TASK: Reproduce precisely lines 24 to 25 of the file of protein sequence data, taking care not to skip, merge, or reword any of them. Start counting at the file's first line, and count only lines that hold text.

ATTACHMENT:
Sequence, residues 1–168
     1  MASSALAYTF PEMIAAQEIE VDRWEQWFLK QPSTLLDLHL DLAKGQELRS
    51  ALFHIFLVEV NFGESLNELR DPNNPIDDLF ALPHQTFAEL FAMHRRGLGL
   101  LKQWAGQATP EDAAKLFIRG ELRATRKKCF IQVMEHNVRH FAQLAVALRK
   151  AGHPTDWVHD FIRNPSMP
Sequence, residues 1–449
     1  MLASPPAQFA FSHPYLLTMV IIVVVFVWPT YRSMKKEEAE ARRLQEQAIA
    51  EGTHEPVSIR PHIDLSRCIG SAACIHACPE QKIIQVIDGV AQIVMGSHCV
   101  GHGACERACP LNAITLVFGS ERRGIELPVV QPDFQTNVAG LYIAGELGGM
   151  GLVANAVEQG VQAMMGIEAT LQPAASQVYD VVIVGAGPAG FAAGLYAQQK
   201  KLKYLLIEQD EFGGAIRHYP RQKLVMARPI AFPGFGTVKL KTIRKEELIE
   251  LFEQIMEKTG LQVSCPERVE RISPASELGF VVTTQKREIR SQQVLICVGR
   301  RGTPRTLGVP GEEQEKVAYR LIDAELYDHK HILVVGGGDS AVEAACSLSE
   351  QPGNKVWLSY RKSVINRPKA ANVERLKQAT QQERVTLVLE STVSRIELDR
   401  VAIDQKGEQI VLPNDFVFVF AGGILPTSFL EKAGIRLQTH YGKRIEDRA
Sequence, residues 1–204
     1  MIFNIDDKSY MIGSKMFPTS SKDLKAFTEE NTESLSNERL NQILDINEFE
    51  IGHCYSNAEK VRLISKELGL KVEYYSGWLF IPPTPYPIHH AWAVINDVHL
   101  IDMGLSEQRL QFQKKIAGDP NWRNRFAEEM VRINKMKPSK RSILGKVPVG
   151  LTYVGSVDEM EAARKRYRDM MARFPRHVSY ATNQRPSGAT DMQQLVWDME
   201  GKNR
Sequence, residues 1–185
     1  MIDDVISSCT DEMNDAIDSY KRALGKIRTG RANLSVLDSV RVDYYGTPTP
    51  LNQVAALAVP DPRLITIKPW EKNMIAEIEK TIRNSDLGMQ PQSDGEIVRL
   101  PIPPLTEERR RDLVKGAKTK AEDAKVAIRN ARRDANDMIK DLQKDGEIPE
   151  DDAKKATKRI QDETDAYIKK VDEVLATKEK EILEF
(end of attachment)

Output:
    51  LNQVAALAVP DPRLITIKPW EKNMIAEIEK TIRNSDLGMQ PQSDGEIVRL
   101  PIPPLTEERR RDLVKGAKTK AEDAKVAIRN ARRDANDMIK DLQKDGEIPE